It’s a good thing when a technology vulnerability gets enough attention that it is patched quickly and methodically.
However, it may also raise undue concern due to its complex nature and variety of headlines that leave us consumers confused and unsure what to do. The context of this article is for you and I as consumers and what we need to know and do about it.
First, there’s no sense in expressing any panic since the extent of the compromise may never be known. The only thing we can do is wait for vulnerable services to be verifiably patched, and then change your password.
Here’s what you and I need to do, step by step:
- Identify the services where we store personal and/or confidential information, including sites like Yahoo, Twitter, Tumblr. A list of top 10,000 services that were vulnerable on April 8th at 1600UTC are listed here: https://github.com/musalbas/heartbleed-masstest/blob/master/top10000.txt. Your company’s own proprietary system is unlikely to be listed there, but your IT department or IT company would know what to check for.
- Check if the services are still vulnerable which you can do here: http://filippo.io/Heartbleed/. Yahoo and Twitter and many others are already fixed and look like this when you check them:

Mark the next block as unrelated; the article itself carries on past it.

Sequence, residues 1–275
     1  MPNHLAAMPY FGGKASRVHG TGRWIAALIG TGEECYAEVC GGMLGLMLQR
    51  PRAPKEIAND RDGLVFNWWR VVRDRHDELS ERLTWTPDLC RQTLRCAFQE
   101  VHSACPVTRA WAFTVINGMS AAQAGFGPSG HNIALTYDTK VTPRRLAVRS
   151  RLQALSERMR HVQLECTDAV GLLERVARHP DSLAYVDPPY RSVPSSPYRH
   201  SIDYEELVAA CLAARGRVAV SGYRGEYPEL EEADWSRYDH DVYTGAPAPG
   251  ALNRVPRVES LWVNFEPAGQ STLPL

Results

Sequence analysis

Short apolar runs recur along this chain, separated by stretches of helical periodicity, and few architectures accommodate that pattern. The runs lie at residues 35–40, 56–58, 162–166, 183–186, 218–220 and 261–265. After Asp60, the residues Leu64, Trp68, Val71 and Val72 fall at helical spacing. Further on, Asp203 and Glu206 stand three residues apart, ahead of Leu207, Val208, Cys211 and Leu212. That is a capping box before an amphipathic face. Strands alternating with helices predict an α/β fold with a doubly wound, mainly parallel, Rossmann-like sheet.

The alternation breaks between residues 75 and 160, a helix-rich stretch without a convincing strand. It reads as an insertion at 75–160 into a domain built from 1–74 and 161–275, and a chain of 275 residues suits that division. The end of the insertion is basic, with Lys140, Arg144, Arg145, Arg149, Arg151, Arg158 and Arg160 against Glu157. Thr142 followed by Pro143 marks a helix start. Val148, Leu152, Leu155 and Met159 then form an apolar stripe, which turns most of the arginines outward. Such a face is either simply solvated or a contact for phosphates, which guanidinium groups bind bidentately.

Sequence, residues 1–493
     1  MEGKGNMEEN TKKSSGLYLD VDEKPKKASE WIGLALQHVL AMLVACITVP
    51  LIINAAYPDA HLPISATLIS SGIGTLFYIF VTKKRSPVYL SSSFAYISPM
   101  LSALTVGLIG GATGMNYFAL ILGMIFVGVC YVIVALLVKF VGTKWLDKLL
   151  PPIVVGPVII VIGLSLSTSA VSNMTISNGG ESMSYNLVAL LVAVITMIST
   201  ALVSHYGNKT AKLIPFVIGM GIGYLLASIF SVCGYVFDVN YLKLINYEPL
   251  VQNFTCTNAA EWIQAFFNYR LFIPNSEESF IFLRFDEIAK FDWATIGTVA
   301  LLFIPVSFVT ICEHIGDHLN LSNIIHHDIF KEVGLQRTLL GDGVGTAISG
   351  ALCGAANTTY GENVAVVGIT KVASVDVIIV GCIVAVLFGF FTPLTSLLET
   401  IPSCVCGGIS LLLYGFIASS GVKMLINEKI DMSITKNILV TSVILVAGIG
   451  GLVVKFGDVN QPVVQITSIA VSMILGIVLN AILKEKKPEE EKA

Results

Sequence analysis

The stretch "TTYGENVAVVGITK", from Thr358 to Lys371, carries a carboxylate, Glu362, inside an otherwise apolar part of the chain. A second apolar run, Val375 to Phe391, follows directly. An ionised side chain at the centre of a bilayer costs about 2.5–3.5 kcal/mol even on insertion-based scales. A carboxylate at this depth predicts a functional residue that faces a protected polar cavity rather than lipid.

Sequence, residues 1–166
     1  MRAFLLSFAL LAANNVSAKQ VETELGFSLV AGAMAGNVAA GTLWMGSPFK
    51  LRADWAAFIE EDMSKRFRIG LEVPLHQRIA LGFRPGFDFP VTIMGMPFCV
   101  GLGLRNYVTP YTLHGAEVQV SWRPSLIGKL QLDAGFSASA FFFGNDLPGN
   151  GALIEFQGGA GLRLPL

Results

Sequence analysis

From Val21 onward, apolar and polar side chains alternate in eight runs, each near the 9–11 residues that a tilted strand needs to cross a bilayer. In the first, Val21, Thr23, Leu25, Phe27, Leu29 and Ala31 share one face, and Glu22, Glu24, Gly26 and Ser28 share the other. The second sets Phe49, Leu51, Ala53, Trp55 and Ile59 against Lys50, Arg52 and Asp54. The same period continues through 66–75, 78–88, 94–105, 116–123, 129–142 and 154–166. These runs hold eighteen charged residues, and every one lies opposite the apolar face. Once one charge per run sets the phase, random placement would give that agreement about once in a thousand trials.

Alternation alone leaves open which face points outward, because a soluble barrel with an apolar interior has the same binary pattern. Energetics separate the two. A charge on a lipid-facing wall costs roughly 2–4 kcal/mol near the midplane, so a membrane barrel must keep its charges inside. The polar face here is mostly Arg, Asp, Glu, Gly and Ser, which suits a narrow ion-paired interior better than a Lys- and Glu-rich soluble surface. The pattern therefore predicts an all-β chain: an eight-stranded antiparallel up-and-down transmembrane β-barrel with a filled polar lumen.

- For each service that is fixed (and only if it is fixed), change your password.
- For extra measure, Nerds On Site would strongly suggest enabling 2-step authentication wherever possible. This is offered by Google, Twitter, Facebook, Microsoft, etc.
Rinse and repeat the above steps.
Many certificate private keys may also have been leaked. This means that in combination with a DNS man-in-the-middle attack, revoked certificates may be used in the future to re-direct you to the thief’s representation of a site and you would have no way of knowing it’s not the real site, unless you apply Certificate Revocation, which is disabled by default in all browsers. We recommend you use Google Chrome and go to Preferences, select “Show advanced settings” and then make sure this is checkmarked: “Check for server certificate revocation” like here:
For a good well-balanced perspective (somewhat technical), Bruce Schneier is one of the most respected voices:
Bruce raises legitimate concerns over embedded systems that may or may not be upgraded that may be exploited. This may lead to more credit card theft in the future, but most developed countries enjoy great consumer credit card protection methods that make this a lesser concern. As United States moves towards chip and pin, the value of credit card databases will also drop very quickly.
So stay tuned, stay somewhat concerned, but don’t fret too much. Time for some more coffee.
Update #1 (April 11): added browser revocation step